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Willing to Die

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irst, I must tell you how I intend to relate my story. Having never before undertaken to write a long narrative, I have considered and laid down a few rules which I shall observe. Some of these are unquestionably good; others, I daresay, offend against the canons of composition; but I adopt them, because they will enable me to tell my story better than, with my imperfect experience, better rules possibly would. In the first place, I shall represent the people with whom I had to deal quite fairly. I have met some bad people, some indifferent, and some who at this distance of time seem to me like angels in the unchanging light of heaven.

My narrative shall be arranged in the order of the events; I shall not recapitulate or anticipate.

What I have learned from others, and did not witness, that which I narrate, in part, from the hints of living witnesses, and, in part, conjecturally, I shall record in the historic third person; and I shall write it down with as much confidence and particularity as if I had actually seen it; in that respect imitating, I believe, all great historians, modern and ancient. But the scenes in which I have been an actor, that which my eyes have seen, and my ears heard, I will relate accordingly. If I can be clear and true, my clumsiness and irregularity, I hope, will be forgiven me.

My name is Ethel Ware.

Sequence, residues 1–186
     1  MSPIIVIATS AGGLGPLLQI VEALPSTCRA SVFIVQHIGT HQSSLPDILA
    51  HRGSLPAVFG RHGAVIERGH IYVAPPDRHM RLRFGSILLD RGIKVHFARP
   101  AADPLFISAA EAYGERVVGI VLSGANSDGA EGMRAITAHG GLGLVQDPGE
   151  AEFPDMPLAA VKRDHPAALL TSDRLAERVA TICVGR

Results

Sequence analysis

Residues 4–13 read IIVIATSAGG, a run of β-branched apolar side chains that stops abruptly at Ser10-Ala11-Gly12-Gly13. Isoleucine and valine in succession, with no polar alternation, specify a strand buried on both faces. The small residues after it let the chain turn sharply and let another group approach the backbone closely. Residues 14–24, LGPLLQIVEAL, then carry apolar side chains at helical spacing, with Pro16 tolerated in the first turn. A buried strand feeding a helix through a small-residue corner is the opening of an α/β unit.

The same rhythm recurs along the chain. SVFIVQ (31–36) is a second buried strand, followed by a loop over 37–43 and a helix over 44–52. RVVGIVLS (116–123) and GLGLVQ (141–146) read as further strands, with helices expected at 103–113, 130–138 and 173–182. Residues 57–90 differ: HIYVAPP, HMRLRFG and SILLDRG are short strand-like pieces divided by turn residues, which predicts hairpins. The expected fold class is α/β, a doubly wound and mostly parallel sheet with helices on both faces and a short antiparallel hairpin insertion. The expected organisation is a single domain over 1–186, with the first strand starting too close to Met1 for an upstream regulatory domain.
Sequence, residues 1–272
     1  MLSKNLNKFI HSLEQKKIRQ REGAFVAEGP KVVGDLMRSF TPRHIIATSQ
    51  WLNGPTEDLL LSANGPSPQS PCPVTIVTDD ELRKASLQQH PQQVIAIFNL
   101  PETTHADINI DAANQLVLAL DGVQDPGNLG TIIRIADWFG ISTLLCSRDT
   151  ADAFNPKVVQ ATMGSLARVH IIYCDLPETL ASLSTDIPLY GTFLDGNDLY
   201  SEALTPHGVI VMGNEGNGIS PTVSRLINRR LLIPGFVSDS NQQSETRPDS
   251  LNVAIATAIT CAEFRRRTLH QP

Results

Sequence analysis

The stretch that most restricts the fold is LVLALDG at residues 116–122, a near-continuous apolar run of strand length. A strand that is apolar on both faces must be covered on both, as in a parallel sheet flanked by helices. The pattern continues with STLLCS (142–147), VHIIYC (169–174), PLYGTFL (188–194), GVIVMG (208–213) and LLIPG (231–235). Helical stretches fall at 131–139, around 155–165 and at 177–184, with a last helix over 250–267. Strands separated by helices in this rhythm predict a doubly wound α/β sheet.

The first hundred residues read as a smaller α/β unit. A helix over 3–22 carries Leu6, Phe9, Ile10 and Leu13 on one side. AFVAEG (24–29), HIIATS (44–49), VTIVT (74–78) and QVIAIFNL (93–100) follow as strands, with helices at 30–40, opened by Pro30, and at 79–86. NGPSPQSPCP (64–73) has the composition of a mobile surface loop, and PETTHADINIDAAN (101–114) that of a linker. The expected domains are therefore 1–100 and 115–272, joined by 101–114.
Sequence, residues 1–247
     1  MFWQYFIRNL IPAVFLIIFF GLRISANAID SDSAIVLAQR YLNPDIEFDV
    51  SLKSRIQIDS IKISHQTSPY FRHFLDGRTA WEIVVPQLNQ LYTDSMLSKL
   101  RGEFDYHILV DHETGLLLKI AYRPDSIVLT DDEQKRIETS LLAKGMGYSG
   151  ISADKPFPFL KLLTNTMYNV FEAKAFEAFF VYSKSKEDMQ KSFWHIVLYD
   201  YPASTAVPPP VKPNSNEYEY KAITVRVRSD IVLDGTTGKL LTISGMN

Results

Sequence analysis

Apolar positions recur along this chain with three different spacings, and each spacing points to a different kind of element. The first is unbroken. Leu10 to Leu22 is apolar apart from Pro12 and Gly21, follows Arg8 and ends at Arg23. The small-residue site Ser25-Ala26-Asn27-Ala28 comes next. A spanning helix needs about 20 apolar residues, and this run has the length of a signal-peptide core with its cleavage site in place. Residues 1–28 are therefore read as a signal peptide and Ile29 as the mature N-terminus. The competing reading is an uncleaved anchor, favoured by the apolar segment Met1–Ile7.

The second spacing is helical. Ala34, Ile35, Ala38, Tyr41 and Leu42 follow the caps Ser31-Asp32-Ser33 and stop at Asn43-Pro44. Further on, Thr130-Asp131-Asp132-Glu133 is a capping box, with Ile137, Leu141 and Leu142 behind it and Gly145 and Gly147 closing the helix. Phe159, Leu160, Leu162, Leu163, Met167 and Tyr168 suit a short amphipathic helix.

I am not an interesting person by any means. You shall judge. I shall be forty-two my next birthday. That anniversary will occur on the first of May, 1873; and I am unmarried.

I don't look quite the old maid I am, they tell me. They say I don't look five-and-thirty, and I am conscious, sitting before the glass, that there is nothing sour or peevish in my features. What does it matter, even to me? I shall, of course, never marry; and, honestly, I don't care to please any one. If I cared twopence how I looked, I should probably look worse than I do.

I wish to be honest. I have looked in the glass since I wrote that sentence. I have just seen the faded picture of what may have been a pretty, at least what is called a piquant face; a forehead broad and well-formed, over which the still dark-brown hair grows low; large and rather good grey eyes and features, with nothing tragic, nothing classic—just fairly good.

I think there was always energy in my face! I think I remember, long ago, something at times comic; at times, also, something sad and tender, and even dreamy, as I fixed flowers in my hair or talked to my image in the glass. All that has been knocked out of me pretty well. What I do see there now is resolution.

There are processes of artificial hatching in use, if I remember rightly, in Egypt, by which you may, at your discretion, make the bird all beak, or all claw, all head, or all drumstick, as you please to develope it, before the shell breaks, by a special application of heat. It is a chick, no doubt, but a monstrous chick; and something like such a chick was I. Circumstances, in my very early days, hatched my character altogether out of equilibrium.

The caloric had been applied quite different in my mother's case, and produced a prodigy of quite another sort.

I loved my mother with a very warm, but, I am now conscious, with a somewhat contemptuous affection. It never was an angry nor an arrogant contempt; a very tender one, on the contrary. She loved me, I am sure, as well as she was capable of loving a child—better than she ever loved my sister—and I would have laid down my life for her; but, with all my love, I looked down upon her, although I did not know it, till I thought my life over in the melancholy honesty of solitude.

I am not romantic....